“I tend to accumulate a lot of puffiness around my eyes after a long flight, so I love to use an eye mask. It really helps to improve a lot of the retention of liquid that happens there. And afterwards, I’ll take a hot tea and put in two tea bags, and when they’re warm, I put them on my eyes on top of the mask, and I keep them on until they get to room temperature. And if the puffiness is still there—ice. For treating sunburn—raw honey is great, as well as aloe, which we’ve known about forever—but putting raw honey all over your skin really helps. And taking a really cold bath if you can sustain it—it’s amazing to bring down the inflammation.”

American Tourist Traps That are Absolutely Worth the Trip

We’re all locals, and we all have places in our towns we avoid like the plague. In New York City, it’s the perpetually mobbed, chaotic Times Square. In Boston, touristy Faneuil Hall. In San Francisco, Fisherman’s Wharf.

But as a recent road trip schooled us, some hotspots are truly worth considering—especially if locals are echoing the same place over and over when you ask for recommendations. In some cities, in fact, the “tourist trap” defines the spirit of the town itself. So here are 10 busy, beloved, iconic destinations in cities all across America.

Robert’s Western World in Nashville

Who knew a fried bologna sandwich could be so compelling, and that a nine-month-pregnant woman could break down Patsy Cline’s “I Fall to Pieces” in such heartbreaking fashion? At Robert’s, anything can happen, and this beloved Nashville honky-tonk bar bowled us over. That bologna sandwich is as simple as it sounds, slapped on white bread with a side of mayo to squiggle over it. It’s part of a $5 “Recession Special” that includes a PBR and a bag of chips, and a free show (please tip!) of fantastic country music. (If the sandwich doesn’t fill you up, don’t worry: You’re heading to Arnold’s for a meat and three that will fill you up tomorrow.)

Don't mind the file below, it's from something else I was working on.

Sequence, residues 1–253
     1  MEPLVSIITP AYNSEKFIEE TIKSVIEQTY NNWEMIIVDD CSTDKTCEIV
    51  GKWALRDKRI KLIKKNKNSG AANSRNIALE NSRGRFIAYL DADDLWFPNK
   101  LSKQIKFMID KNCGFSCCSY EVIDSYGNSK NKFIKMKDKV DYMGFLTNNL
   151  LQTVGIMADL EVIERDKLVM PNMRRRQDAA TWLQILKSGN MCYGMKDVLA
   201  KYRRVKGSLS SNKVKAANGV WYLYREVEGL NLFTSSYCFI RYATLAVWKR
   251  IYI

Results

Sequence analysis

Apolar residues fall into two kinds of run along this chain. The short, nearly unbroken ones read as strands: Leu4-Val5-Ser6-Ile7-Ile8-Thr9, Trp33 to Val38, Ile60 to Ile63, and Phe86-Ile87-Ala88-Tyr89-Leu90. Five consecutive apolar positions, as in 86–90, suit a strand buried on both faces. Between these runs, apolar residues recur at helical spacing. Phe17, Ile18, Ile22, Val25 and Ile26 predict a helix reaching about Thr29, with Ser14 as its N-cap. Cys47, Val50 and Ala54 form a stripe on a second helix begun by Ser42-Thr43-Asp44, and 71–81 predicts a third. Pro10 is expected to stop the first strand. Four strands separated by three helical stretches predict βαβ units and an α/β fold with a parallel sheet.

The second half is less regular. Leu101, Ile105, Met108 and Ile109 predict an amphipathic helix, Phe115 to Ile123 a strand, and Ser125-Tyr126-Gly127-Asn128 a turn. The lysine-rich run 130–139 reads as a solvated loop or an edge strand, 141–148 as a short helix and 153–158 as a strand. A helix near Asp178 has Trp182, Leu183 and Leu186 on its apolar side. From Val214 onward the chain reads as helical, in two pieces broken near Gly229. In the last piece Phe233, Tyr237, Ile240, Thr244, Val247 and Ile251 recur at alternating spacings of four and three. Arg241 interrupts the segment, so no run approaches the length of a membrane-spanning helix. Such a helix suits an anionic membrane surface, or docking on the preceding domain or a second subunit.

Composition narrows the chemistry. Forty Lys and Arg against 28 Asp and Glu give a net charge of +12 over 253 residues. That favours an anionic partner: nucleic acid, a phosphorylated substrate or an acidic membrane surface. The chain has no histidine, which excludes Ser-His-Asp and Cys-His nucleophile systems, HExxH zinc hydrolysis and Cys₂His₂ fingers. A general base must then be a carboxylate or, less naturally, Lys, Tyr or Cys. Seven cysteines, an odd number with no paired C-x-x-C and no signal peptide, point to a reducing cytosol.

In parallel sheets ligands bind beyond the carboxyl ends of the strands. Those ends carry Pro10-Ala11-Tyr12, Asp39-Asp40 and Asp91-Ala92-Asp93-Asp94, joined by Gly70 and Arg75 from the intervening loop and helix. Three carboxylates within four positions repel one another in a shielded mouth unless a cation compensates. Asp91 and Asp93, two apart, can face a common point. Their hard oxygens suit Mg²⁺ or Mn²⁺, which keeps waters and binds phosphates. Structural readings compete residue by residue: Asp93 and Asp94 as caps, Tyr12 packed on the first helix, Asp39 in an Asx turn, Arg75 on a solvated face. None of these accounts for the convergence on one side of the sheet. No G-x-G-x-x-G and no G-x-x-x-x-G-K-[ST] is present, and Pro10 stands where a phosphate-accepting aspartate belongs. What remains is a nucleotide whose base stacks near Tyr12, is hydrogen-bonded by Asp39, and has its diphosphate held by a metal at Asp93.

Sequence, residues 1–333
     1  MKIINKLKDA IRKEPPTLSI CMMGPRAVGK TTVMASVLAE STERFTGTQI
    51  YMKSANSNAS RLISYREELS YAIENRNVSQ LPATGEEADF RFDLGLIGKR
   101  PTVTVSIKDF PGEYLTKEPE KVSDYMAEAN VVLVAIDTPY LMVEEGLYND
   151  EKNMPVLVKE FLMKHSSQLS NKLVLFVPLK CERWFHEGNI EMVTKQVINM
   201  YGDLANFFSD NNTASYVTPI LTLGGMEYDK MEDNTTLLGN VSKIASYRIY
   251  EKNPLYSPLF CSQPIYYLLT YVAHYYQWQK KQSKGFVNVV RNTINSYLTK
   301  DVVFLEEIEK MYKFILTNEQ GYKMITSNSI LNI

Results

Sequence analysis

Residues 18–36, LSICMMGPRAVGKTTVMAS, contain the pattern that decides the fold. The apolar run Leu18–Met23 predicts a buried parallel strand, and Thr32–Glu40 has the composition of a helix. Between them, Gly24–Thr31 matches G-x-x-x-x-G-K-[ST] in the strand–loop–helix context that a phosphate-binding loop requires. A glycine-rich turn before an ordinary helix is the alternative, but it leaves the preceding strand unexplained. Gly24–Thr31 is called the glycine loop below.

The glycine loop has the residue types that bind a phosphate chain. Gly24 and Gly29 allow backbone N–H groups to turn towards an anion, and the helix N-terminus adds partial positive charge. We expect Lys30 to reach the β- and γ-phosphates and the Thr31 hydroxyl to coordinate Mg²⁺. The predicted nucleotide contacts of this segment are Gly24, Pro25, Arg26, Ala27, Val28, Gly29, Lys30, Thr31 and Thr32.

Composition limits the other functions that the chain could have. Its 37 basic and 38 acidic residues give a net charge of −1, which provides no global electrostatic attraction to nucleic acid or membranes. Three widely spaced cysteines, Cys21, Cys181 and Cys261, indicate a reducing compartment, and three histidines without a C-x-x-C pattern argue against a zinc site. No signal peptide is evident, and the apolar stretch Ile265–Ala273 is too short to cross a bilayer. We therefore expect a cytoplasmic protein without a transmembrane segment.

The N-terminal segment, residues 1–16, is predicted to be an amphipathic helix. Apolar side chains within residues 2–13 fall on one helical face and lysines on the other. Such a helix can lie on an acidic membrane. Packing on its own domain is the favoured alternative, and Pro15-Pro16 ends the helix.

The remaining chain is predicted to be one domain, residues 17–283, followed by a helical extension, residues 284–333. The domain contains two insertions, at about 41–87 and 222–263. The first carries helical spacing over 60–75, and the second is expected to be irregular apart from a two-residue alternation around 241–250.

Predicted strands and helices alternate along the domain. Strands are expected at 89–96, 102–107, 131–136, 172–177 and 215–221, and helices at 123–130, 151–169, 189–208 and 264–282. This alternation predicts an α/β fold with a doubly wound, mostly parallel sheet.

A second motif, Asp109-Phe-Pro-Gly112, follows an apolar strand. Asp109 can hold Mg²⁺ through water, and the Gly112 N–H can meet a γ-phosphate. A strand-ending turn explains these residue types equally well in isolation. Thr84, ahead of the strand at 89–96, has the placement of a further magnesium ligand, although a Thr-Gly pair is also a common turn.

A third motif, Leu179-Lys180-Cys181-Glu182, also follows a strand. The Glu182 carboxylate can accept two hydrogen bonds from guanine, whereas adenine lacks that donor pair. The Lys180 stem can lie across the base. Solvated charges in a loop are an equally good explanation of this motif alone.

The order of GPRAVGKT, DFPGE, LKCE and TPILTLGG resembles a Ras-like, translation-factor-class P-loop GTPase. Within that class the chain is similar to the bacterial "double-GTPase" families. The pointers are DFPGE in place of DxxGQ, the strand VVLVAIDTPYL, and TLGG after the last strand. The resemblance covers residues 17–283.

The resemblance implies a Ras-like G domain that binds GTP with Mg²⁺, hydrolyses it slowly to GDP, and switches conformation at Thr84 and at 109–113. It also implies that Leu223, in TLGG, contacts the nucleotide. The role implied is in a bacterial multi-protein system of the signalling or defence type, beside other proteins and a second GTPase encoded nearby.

Ponce City Market in Atlanta

Ponce City Market in Atlanta
Courtesy of Ponce City Market

Sure, it’s swarmed on weekends, but when you can sample the fare of chefs Anne Quatrano, Linton Hopkins, and Sean Brock in one building without breaking the bank, that’s what you do. Try a lunch or dinner crawl: Start with half a dozen oysters at W.H. Stiles Fish Camp, follow them with a killer pork bun from El Super Pan, grab a taco at Brock’s Minero, and wind down with a classy cocktail at The Mercury. Architecture and design nerds will fall for the old-school digs (a revamped 1926 building) and the solid typography all over the market.

Franklin Barbecue in Austin

Franklin Barbecue Restaurant in Austin
Courtesy of Franklin Barbecue

Pack your sunblock and buy a cheap chair. You’re in barbecue country now, and whether you go to Kreuz, Black’s, or elsewhere, brisket obsessives know to beeline for Franklin, a newer member of the BBQ family. Aaron Franklin’s brisket is buttery and beautifully marbled, and waiting in line is part of the experience: Line up hours early, camp out near the misters in rickety chairs, buy beers that are sold down the line, and make friends. Yes, it’s worth the wait.

Japanese Garden in Portland, Oregon

Portland Japanese Garden, Portland, OR. Photo by Jonathan Ley

In a town packed with wonderful Thai, Japanese, and Vietnamese restaurants, it’s easy to forget that there’s also a gorgeous Japanese garden, restrained and resplendent, to ooh and ahh over. You can visit the PDX rose garden too, sure—this is the City of Roses, after all—but whether lit up with cherry blossoms in spring or austere and tranquil in winter, the Japanese gardens are a delight.

Three Muses and The Spotted Cat in New Orleans

The Spotted Car New Orleans Jazz Club

These two Frenchman Street siblings are cover-charge-free and regularly feature some of the best jazz you’ve ever heard. Tourists and locals stand shoulder-to-shoulder for regular acts such as Panorama Jazz Band, the Washboard Chaz Blues Trio, Shotgun Jazz Band, and trombonist Glen David Andrews. And know that—although you’ll want to stick to canned beer and well drinks at The CatThree Muses actually has a top-notch bar program, so you can sip a delicious off-menu cherry bourbon sour while listening to a fabulous clarinetist.